The Financial Services Agency plans to allow banks to target advertising sales using their customer data as part of its moves to ease restrictions on the banking industry, informed sources said Tuesday.
The FSA aims to help commercial banks reshape their business models and contribute to recovery in the coronavirus-hit Japanese economy and regional revitalization through full-fledged deregulation, the sources told Jiji Press.
A working group of the Financial System Council, which advises Prime Minister Yoshihide Suga, is set to come up with a draft report including the eased regulations by the end of this month.
The deregulation has approval for banks' foray into the advertising market as its main pillar.
Specifically, the FSA, at megabank groups' strong request, will allow banks to use information on their users' account activities and credit card histories so they can sell companies space on their websites for advertisements targeting specific age groups, genders and purchasing habits.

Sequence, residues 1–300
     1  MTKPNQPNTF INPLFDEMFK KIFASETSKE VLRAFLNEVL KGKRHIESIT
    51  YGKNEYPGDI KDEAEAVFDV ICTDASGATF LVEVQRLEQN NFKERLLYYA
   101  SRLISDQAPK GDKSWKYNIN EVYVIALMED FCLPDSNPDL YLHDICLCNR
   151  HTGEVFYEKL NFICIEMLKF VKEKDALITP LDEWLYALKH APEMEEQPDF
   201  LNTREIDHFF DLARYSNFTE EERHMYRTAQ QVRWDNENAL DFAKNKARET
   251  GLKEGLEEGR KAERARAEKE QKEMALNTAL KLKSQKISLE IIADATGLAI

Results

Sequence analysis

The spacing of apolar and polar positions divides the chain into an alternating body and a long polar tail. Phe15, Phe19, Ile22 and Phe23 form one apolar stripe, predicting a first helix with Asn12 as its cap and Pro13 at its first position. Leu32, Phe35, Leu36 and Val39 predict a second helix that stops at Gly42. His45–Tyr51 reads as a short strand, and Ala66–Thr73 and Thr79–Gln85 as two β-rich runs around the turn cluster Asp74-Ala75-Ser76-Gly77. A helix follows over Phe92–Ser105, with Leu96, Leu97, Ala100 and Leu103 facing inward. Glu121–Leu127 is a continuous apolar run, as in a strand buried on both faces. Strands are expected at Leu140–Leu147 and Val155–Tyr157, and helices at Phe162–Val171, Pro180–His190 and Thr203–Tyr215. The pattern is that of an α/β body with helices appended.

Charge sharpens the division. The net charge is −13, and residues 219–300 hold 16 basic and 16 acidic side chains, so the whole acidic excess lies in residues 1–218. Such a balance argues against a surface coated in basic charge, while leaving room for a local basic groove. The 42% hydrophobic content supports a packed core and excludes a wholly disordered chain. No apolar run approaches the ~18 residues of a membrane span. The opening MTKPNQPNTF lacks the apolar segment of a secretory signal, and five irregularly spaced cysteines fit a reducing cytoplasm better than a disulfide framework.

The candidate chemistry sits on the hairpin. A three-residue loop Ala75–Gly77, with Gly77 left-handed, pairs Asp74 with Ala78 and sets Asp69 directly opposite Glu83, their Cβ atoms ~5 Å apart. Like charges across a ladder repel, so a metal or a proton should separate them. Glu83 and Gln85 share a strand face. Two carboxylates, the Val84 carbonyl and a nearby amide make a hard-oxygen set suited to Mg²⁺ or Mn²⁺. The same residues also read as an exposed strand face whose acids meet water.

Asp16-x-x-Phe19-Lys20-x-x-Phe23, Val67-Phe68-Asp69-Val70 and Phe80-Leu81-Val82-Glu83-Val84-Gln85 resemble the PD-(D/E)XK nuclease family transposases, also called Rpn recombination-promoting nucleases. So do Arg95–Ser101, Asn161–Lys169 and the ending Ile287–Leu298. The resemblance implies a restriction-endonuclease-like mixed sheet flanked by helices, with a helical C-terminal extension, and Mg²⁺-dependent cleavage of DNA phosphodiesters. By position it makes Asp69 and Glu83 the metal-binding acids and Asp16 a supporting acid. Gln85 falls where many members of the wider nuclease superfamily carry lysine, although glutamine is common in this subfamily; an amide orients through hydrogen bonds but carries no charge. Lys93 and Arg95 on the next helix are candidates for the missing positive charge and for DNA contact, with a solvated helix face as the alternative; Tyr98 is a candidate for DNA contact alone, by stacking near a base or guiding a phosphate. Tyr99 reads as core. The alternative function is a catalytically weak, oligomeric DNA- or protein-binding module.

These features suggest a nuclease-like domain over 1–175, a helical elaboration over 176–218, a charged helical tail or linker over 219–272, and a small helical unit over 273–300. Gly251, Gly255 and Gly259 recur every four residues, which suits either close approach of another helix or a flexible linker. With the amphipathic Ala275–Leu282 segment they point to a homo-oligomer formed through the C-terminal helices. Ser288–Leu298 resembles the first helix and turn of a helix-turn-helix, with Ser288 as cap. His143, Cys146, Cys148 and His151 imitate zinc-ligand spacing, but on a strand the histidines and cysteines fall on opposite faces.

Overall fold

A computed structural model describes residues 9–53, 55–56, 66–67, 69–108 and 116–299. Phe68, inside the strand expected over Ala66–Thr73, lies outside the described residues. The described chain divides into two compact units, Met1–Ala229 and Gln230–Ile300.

The financial industry regulator will also give the go-ahead for banks selling information and technology systems they developed on their own to regional banks, running staffing services and acquiring full stakes in unlisted regional revitalization firms.
The country's banking law imposes strict restrictions on the business scope so as not to put bank customers' money at risk.
But competition is heating up in the banking industry, with fintech services booming and nonfinancial institutions starting cashless payment services. Also, banks are suffering from the extremely low interest rate environment created by the Bank of Japan's prolonged massive easing policy.
Under these circumstances, the FSA sees the need for banks to promote digitalization quickly and strengthen their business bases.
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